Besides, it is evident that Hamlet feigned his madness when he says, “I essentially am not in madness, but in craft.” (Shakespeare 187). In this statement, as he was talking to Gertrude, Hamlet made it clear to his mother that he was not insane, but he was only using the madness to accomplish his revenge on his father’s death. He tried several times to follow through with his revenge, but most of his plans were delayed. He later decided to deceive King Claudius by putting on an act of madness just to avenge his father’s death. Inasmuch as Hamlet assures his mother that he is not insane, it occurs later that he seems to act insane because of the mother getting married to his uncle. Hamlet does not feel good on understanding that his mother has been married by Claudius. This is one of the contributory factors that make Hamlet’s insanity look real towards the end of the play. It happens that it is the same man marrying his mother that Hamlet is planning to kill, as revenge for his father’s death.
Moreover, another instance that proves that Hamlet was not crazy is when he failed to kill King Claudius when he got the opportunity. Hamlet had been planning to avenge the death of his father for long, and there was a chance to kill his father’s murderer when he alone and praying. Therefore, the fact that Hamlet did not kill Claudius while he was alone praying shows that he was actually sane and could think rationally. Claudius was vulnerable at that moment he was praying, but Hamlet decided not to kill him because he was in control of his mental state and not insane as he had made the king and his attendants believed. Hamlet never wanted to outsmart the king to avoid suffering as his father did at his death. Therefore, he came up with a plan to cause Claudius to confess murdering his father, Hamlet to the king and then kill him later on. This shows that Hamlet was purely rational in his thoughts. He does not kill the king right away because he wants Claudius to feel some pain before he kills him. Being able to reason out on the current situation, and the make a decision implies that Hamlet has all along been pretending to be mad when in the actual sense he is concealing his plan so that no one knows his intentions.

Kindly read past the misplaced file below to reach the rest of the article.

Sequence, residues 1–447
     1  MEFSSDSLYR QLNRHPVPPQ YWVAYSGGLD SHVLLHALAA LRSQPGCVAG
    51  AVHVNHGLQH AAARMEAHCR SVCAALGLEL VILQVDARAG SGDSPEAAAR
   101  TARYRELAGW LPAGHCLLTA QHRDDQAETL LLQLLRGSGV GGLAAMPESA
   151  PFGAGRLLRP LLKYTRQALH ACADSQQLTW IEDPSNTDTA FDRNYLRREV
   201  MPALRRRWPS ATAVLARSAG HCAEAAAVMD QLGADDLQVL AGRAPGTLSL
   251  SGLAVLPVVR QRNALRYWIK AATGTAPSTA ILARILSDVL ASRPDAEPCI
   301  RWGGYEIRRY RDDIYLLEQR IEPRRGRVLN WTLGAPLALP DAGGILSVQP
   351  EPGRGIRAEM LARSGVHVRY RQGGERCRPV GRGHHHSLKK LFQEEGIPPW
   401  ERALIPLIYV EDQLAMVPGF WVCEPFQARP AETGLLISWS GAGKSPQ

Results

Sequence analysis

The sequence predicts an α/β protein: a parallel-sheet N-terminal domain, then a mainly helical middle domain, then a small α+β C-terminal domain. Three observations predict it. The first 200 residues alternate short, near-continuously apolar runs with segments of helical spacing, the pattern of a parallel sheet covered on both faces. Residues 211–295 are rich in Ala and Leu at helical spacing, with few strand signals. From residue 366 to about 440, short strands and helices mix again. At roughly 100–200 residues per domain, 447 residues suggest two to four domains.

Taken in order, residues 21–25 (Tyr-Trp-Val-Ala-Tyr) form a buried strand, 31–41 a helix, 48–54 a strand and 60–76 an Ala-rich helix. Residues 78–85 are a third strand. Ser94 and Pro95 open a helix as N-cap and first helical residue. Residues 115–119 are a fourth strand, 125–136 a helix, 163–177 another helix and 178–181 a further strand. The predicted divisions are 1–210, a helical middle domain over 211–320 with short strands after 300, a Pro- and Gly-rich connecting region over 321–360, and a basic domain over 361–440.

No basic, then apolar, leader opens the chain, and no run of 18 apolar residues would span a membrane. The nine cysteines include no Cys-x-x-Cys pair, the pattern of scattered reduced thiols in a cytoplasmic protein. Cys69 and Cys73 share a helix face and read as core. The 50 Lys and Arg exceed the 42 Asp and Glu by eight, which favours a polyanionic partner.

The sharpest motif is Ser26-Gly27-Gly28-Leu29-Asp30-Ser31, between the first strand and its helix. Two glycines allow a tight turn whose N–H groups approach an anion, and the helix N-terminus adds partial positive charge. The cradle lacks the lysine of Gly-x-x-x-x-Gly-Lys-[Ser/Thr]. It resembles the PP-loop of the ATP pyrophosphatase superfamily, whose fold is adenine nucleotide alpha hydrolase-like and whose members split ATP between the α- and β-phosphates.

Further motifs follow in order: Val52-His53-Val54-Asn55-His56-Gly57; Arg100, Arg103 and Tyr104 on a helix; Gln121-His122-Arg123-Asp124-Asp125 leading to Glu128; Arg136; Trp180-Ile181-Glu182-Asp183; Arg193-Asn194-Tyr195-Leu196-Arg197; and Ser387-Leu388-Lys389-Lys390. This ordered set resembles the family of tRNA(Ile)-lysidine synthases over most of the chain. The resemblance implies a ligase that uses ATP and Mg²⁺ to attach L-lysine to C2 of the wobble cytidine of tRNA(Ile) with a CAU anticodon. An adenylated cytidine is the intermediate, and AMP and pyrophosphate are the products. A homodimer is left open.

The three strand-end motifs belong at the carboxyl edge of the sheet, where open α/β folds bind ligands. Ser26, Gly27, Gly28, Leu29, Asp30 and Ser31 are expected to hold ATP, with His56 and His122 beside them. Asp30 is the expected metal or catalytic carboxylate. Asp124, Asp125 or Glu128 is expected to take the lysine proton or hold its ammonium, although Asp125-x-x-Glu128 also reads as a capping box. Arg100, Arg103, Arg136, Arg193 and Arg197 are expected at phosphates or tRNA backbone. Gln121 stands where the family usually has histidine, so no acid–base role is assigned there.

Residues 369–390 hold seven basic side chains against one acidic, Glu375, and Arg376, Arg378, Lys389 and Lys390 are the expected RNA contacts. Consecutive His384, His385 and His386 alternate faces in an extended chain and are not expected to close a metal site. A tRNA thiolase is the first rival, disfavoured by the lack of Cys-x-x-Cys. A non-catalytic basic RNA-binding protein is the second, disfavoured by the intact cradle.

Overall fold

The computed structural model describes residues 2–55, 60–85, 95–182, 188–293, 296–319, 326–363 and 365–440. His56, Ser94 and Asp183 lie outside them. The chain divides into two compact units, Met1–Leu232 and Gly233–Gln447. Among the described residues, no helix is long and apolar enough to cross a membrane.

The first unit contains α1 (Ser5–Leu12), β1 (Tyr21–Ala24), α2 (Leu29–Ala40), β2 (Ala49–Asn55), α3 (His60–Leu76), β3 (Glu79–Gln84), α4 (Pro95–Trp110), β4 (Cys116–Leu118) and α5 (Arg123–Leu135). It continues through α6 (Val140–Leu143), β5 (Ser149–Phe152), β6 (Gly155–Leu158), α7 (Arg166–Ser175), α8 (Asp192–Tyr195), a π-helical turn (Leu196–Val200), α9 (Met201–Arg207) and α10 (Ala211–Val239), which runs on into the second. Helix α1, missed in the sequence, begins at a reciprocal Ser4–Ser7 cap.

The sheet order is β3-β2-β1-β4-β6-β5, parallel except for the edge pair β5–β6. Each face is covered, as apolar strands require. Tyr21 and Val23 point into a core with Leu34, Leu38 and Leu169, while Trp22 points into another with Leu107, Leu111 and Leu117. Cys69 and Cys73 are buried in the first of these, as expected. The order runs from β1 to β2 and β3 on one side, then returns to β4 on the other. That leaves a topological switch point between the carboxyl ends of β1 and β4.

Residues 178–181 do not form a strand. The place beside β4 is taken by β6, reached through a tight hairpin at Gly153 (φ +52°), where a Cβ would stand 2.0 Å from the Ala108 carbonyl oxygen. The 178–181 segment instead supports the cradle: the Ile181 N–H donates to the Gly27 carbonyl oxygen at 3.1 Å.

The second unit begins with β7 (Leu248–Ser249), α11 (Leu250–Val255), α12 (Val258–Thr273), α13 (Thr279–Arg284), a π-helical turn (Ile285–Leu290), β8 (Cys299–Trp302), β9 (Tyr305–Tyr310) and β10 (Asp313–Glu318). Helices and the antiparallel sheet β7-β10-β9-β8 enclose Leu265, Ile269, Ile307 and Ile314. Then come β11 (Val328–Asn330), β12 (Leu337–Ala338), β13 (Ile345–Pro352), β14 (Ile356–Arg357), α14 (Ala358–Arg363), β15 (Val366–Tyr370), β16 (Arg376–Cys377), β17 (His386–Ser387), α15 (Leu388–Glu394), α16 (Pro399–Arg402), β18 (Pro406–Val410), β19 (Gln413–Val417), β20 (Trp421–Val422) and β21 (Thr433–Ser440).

There is no doubt that at the opening of Shakespeare’s play, Hamlet’s madness was feigned because it was an act to confuse Claudius to carry through with his revenge. However, as the play progresses, Hamlet’s madness becomes real and a liability because he becomes distracted and irrational. Bali notes that, even though Hamlet’s madness was feigned at some point, his life events such as the demise of his father and that of his lover could be enough reasons to make him insane (81). Hamlet suffered a lot because of the death of his father; as a result, he spent his life trying to avenge his death, and this made him insane. Hamlet at first faked a madness that later made him mad altogether.